Annabelle pulled the wagon home again. She had supper, and a bath, and books.
She found a shoebox in her closet and made a little bed with a hand towel and rolled-up socks for a pillow.
“Goodnight, Boney,” she said.
That night, Annabelle dreamed. She dreamed of a deer. And she dreamed of a bear. And she dreamed of a wolf. And they were all running with her through the woods.
While on a walk through the woods, Annabelle, her dad, and their dog, Scoot, find a bone. Fascinated, Annabelle wondered what animal it was from and asked if she could take it home. Her dad agreed, and they brought it home and cleaned it. Once the bone was clean, Annabelle tied a pretty ribbon around it and named it Boney. She brought Boney everywhere with her: to the table at lunch, to the park, while taking a bath, and reading a book. At bedtime, she tucked Boney into its own little box with a towel as a blanket.
That night, Annabelle dreamed she was running through the woods alongside a deer, a bear, and a wolf. When she woke up, she felt sad. Later that day, her friend Lorne asked if she wanted to go to the park. Annabelle didn’t feel like it. Instead, she took Boney into the backyard. Lorne went with them. Annabelle didn’t tell Lorne why she was sad, but she noticed Scoot had dug a hole in the garden. Annabelle brought the bone to the hole and put it in. Lorne helped her carefully push the dirt back in. Annabelle remembered her dream of the deer, the bear, and the wolf, and felt better after burying the bone.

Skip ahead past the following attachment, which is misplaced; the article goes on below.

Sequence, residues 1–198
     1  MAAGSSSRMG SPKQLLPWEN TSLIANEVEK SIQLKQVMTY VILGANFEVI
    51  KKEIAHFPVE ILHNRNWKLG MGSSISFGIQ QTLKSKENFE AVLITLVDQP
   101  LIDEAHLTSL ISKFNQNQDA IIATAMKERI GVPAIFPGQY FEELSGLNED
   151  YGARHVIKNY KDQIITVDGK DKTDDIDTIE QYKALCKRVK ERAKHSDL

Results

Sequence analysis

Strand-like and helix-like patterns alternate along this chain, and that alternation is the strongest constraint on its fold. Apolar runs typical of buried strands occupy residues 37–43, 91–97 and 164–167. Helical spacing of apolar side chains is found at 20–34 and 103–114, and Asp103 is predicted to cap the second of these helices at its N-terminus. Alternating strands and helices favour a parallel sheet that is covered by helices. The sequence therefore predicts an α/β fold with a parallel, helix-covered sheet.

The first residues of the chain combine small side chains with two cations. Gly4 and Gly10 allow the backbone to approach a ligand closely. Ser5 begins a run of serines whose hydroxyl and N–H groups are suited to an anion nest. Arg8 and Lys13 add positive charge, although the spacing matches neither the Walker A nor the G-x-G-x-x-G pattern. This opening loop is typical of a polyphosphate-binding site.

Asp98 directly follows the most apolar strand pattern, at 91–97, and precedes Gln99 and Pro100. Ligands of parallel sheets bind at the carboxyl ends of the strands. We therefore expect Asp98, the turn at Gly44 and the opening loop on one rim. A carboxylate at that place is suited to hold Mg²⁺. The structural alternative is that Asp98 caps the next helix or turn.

Cary Fagan’s story provokes a lot of thought on emotions and on the idea of death. He leaves much to interpretation, and, with the help of the watercolour and soft coloured pencil illustrations, readers can take cues from character facial expressions and activities. Although Annabelle makes Boney her new plaything, she is also curious about which animal it might have come from, realizing that the animal is no longer alive. Perhaps this is what makes her sad and burying Boney helps her come to terms with it. The flow of the story feels a bit choppy, but it encourages an open discussion about expressing emotions and respect to wildlife.
Julia Pitre is a Children’s Librarian with London Public Library in London, Ontario.